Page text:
When should nutritional support be implemented in a hospitalized patient?


How should patients be monitored while receiving nutritional support?

If a patient is severely malnourished and refeeding is initiated, serious complications can occur, which are summarized in Table 1; these complications can include severe electrolyte disorders, fluid shifts, and even death.12 Refeeding syndrome occurs in the first few days of initiating a diet in severely malnourished patients, and its severity is directly related to the severity of malnutrition prior to refeeding. The National Institute of Health and Clinical Excellence created criteria to identify patients at risk for refeeding syndrome; these criteria include having a BMI less than 18.5 kg/m2; unintentional weight loss of greater than 10% in the previous 3-6 months; little or no nutritional intake for more than 5 days; low levels of potassium, phosphorus, or magnesium before refeeding; and a history of alcohol misuse or taking certain drugs, such as insulin, chemotherapy, antacids, or diuretics.9

Table 1: Complications of nutritional support
The general rule in initiating nutritional support for severely undernourished patients is to start low and go slow. Patients less than 30% below ideal body weight should be hospitalized for refeeding and monitoring by a licensed dietician.12 Electrolytes should be repleted prior to the initiation of feeding, and serum electrolytes should be checked every 24-48 hours in the initial refeeding process. Patients should be monitored for signs of volume overload – lung exam for rales, cardiovascular exam for edema, and exams for elevated jugular venous pressure. Heart rate tends to be bradycardic in anorexic patients; therefore, if a patient becomes tachycardic this could represent volume overload. Thiamine deficiency can also occur and present as wet beriberi (heart failure) or dry beriberi (Wernicke’s encephalopathy). Neurologic exams should be conducted because sodium shifts can cause central pontine myelinolysis. Gastrointestinal symptoms of refeeding include bloating or constipation caused by prolonged transit time and delayed gastric emptying, or they can include diarrhea caused by intestinal atrophy.9,12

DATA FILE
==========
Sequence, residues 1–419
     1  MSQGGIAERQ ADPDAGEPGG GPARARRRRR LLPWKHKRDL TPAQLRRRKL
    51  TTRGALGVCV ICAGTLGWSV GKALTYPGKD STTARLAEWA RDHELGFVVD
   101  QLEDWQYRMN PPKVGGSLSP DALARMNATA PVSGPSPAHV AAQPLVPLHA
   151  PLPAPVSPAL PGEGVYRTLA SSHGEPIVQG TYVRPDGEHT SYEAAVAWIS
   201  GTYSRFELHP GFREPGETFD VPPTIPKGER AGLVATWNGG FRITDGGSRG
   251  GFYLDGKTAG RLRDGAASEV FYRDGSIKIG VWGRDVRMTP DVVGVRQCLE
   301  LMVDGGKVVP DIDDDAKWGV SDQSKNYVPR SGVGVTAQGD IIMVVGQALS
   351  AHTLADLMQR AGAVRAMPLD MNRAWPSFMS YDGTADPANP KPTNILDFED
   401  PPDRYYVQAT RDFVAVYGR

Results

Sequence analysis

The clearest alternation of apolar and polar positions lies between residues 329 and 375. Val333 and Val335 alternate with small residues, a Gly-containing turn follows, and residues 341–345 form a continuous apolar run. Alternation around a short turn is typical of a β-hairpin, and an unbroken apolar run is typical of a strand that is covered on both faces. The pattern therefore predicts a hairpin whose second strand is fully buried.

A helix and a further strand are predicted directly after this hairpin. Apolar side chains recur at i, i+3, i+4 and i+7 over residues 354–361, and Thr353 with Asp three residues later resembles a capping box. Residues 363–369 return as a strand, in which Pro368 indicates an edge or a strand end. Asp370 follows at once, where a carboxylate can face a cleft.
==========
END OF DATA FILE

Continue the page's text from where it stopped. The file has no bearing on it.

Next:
Aspiration is a risk with enteral feeding – the risk factors include being older than 70 years, altered mental status, supine position, and bolus rather than continuous infusion.4 Postpyloric feeding may reduce the risk of aspiration. Expert consensus suggests elevating the head of the bed by 30°-40° for all intubated patients receiving EN, as well as administering chlorhexidine mouthwash twice daily.6

Diarrhea is very common in patients receiving EN. After evaluating for other etiologies of diarrhea, tube feeding–associated diarrhea may be managed first by using a fiber-containing formulation. Fiber should be avoided in patients at risk for bowel ischemia or severe dysmotility. If diarrhea persists despite fiber, small peptide formulations, also known as elemental tube feeds, may be used.4,6

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